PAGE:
Even after 40 years, with changes in technology, formulation and manufacturing processes, much of what's new about solid surface is, in some ways, the same as what's old about it.
Solid surface still has a look of elegance and beauty, is easy to maintain, seamless, nonporous, heat-resistant, renewable, repairable and carries a 10-year warranty by most manufacturers.
For the fabricator, the past 40 years, and especially the past 20, have brought about innovations and improvements in the product itself, and also in adhesives, abrasives, tooling and machinery used to fabricate it.
For the architect and designer, these innovations translate into nearly unlimited design options and uses of solid surface not available 40 years ago.
THE BIRTH OF SOLID SURFACE
The lightning that ignited the solid surface industry started in early 1963, with a group of intellectual "malcontents or misfits" that DuPont put together and then "had the good sense to leave alone" — resulting in one of those exciting and creative mixes that come along only rarely in industrial history.
DuPont's building products team was made of six men, whose mandate was to look at all the new technologies and materials available at DuPont, and see which would make for good new commercial applications. Dr. Don Slocum, the only research chemist of the group, was assigned the area of kitchens and baths.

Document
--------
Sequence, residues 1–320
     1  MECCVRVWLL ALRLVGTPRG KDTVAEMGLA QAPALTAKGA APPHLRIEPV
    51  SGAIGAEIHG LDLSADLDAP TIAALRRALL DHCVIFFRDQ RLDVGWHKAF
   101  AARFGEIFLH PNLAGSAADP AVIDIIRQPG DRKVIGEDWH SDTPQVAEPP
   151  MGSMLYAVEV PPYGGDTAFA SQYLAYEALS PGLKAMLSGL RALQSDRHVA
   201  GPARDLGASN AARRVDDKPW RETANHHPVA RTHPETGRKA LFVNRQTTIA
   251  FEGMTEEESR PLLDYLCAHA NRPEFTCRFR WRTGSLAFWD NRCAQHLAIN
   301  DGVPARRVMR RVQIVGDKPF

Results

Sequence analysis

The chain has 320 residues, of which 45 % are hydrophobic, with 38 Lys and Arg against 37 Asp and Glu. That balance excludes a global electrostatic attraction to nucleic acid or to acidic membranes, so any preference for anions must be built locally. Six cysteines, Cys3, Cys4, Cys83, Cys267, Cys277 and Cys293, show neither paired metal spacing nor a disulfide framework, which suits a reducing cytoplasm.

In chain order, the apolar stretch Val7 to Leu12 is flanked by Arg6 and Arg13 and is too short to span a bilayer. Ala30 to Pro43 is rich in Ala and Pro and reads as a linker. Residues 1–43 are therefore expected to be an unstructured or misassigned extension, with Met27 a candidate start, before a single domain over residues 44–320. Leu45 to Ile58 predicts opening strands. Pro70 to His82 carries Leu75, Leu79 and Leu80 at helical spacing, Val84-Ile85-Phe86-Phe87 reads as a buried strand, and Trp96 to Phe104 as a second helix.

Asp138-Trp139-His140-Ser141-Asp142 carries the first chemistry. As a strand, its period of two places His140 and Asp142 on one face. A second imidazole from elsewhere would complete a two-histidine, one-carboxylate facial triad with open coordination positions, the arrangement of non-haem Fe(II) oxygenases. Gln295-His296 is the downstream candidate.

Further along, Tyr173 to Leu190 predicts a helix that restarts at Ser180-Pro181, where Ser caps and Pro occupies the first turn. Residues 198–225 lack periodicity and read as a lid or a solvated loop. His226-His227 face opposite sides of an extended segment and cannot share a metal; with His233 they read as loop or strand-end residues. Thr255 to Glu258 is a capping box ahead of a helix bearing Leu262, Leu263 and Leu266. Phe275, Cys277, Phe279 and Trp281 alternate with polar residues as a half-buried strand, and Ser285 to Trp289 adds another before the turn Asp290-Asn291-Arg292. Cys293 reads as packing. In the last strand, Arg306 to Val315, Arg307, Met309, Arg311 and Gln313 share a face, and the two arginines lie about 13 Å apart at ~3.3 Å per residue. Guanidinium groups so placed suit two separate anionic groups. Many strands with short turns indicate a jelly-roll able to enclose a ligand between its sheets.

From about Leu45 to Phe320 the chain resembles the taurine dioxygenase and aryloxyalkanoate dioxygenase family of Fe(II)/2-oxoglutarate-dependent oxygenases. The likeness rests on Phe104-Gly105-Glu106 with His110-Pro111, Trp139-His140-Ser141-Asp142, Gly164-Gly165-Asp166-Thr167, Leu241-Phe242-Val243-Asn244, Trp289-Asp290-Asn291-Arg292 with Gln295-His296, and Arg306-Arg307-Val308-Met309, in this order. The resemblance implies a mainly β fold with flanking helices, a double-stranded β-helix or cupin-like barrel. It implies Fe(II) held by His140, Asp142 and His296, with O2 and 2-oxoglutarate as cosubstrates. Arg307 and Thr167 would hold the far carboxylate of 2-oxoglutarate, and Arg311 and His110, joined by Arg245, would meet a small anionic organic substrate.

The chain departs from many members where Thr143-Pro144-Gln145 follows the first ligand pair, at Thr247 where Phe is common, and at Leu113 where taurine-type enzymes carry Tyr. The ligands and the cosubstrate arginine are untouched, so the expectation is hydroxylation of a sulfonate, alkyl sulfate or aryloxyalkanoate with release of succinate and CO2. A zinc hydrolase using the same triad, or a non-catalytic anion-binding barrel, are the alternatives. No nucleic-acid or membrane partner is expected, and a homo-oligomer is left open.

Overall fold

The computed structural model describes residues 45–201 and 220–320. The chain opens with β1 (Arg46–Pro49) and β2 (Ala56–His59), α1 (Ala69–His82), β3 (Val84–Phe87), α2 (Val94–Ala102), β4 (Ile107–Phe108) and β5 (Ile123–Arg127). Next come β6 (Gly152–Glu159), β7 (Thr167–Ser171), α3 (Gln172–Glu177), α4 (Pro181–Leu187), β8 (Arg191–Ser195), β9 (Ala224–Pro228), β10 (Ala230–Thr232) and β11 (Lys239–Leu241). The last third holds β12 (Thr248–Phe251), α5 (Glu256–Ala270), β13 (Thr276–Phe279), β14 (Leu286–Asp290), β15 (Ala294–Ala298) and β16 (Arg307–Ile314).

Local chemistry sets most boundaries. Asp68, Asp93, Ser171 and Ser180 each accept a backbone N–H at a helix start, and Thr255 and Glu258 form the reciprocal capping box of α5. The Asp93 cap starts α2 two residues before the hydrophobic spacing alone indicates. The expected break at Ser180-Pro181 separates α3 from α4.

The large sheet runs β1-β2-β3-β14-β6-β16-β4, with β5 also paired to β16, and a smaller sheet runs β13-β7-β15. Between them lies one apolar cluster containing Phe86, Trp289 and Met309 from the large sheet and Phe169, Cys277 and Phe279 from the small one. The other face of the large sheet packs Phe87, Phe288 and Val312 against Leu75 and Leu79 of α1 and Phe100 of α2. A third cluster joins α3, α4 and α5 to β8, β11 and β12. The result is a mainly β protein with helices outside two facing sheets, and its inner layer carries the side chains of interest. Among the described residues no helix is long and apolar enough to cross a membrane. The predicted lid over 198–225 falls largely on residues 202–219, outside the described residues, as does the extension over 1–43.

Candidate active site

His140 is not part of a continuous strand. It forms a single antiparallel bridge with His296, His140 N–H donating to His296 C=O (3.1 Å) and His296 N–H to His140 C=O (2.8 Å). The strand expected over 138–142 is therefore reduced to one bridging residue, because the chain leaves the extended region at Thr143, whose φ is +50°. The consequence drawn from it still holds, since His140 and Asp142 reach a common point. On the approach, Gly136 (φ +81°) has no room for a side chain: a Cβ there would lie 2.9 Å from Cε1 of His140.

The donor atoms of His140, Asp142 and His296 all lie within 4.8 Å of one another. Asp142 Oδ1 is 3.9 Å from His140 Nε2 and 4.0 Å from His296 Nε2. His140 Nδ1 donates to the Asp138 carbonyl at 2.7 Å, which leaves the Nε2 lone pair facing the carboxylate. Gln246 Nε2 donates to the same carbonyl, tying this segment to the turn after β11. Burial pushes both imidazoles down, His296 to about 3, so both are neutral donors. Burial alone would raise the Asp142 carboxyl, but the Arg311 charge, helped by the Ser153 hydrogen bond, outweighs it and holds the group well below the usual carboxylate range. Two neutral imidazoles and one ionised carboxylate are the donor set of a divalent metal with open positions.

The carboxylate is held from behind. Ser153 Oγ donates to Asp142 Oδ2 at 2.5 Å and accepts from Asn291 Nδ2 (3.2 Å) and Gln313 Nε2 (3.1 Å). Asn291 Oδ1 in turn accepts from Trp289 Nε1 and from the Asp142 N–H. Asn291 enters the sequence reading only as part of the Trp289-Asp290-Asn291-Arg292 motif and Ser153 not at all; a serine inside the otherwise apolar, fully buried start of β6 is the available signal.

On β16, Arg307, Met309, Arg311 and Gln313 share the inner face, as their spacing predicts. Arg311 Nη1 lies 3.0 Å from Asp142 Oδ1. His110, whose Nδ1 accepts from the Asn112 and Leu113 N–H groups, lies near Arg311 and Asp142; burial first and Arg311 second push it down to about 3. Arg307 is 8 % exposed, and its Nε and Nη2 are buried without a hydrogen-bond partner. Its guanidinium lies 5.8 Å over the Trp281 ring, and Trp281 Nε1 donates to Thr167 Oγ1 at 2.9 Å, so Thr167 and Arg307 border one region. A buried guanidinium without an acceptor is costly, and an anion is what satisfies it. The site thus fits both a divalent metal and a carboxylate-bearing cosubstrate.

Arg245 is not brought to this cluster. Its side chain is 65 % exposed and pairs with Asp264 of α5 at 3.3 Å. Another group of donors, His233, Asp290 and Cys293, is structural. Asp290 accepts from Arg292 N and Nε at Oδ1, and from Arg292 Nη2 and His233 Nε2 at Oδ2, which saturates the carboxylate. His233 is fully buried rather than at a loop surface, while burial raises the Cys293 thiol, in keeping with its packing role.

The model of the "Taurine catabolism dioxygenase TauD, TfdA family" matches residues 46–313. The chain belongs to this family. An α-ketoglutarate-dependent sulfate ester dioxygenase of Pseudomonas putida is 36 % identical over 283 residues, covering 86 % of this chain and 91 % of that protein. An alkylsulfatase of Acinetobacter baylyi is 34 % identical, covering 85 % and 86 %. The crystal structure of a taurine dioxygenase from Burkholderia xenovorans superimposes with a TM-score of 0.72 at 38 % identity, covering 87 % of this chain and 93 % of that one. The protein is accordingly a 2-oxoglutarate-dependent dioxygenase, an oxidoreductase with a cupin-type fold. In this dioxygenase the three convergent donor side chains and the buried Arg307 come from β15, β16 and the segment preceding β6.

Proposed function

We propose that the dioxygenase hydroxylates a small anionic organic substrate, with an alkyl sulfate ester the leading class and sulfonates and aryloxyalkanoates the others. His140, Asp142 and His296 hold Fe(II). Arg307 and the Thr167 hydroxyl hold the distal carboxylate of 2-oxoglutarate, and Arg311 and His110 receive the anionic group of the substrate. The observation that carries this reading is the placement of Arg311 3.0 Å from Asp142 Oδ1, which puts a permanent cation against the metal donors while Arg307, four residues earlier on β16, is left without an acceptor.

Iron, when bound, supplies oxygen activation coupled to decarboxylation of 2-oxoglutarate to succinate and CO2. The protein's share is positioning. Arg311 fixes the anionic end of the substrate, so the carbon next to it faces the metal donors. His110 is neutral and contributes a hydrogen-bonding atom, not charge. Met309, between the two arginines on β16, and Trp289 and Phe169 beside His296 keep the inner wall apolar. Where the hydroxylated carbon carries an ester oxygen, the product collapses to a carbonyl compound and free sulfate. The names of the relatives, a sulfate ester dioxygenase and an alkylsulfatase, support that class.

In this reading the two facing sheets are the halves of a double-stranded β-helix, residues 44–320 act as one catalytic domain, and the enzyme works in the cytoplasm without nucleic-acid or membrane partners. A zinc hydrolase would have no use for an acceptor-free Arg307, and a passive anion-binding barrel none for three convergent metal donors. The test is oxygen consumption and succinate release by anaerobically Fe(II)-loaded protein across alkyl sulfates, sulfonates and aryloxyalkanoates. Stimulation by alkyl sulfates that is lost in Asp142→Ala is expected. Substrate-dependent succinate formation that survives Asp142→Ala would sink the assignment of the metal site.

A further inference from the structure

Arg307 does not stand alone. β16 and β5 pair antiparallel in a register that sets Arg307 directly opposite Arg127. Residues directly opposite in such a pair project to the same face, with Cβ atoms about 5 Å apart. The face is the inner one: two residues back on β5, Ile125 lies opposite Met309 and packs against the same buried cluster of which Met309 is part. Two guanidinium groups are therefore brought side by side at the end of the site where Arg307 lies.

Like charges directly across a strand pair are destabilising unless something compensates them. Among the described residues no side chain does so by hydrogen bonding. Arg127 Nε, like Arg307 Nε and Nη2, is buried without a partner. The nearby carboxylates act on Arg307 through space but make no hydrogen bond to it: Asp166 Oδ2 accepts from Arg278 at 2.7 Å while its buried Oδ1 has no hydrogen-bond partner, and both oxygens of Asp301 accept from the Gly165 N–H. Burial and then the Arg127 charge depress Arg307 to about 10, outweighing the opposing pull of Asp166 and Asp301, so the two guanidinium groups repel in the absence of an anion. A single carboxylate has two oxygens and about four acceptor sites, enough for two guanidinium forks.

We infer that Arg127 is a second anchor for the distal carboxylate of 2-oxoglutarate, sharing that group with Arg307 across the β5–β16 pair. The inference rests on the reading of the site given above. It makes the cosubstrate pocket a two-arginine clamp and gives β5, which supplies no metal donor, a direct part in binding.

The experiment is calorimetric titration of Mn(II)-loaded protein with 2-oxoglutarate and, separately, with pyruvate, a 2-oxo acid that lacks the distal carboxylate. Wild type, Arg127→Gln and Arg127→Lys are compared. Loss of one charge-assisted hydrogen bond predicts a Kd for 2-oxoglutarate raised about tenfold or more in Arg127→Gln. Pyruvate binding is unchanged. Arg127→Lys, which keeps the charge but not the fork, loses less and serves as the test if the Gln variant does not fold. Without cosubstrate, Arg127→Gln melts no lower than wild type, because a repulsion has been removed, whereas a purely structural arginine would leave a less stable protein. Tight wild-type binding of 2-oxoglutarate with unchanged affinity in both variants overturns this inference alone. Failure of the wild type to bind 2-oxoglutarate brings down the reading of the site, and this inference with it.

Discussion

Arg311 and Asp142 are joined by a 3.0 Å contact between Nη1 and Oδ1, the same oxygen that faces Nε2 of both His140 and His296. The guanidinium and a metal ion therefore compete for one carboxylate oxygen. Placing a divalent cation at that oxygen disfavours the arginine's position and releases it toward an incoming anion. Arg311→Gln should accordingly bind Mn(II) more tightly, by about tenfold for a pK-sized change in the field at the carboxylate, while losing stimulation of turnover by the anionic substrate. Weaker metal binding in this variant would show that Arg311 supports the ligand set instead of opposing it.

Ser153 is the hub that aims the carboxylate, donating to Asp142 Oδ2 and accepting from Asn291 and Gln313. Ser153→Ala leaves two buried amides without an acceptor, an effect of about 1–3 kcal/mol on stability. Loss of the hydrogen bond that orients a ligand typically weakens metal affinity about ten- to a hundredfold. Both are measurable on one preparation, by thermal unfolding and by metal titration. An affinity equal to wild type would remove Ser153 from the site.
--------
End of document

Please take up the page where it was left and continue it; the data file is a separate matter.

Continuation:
The first solid surface was created in these laboratories by Dr. Slocum, whose name appears on the original patent issued on October 8, 1968, and the product was called Corian.
There is something special about solid surface. It is reflected on the face of the woodworker who has just finished his first solid surface job. He understands it has similarities to wood in the way it is worked, and it has its own qualities and characteristics. The difference between a high-end solid surface job and a cheaper version has to do with the details and the value added by the fabricator. It can be likened to wood. There's quite a difference between a wooden board and a piece of fine furniture — the furniture bears the work of a craftsman. And so it is with solid surface. As they say, "God is in the details."
Then there's the look on the face of the homeowner who strokes a solid surface rounded edge for the first time. It is smooth, almost soft; it isn't cold. The look is clean and elegant. But perhaps it's after the first major kitchen cleanup that the true story is told. Many might argue that the main characteristic, the feature of solid surface most appreciated by the end user, is its ease of maintenance. Just wipe it up with a damp cloth and a bit of soap, and most cooking debris is gone. Add a dash of cleanser and water for pesky spots, and the job is finished in no time.